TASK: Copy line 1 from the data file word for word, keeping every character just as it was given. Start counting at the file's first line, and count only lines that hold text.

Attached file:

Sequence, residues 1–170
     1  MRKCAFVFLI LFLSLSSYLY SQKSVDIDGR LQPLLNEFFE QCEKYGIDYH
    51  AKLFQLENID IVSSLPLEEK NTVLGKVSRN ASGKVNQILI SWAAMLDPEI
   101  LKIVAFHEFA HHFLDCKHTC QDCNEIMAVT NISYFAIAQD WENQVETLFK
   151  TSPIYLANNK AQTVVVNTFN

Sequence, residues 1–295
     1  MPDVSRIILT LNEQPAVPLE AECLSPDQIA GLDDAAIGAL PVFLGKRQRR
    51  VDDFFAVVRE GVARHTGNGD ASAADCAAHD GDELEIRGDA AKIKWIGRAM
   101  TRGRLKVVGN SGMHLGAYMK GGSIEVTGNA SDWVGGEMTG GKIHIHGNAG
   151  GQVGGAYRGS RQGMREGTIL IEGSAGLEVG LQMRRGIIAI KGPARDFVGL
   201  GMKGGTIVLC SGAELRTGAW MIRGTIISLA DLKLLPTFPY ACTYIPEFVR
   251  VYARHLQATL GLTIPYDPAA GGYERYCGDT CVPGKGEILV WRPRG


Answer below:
Sequence, residues 1–170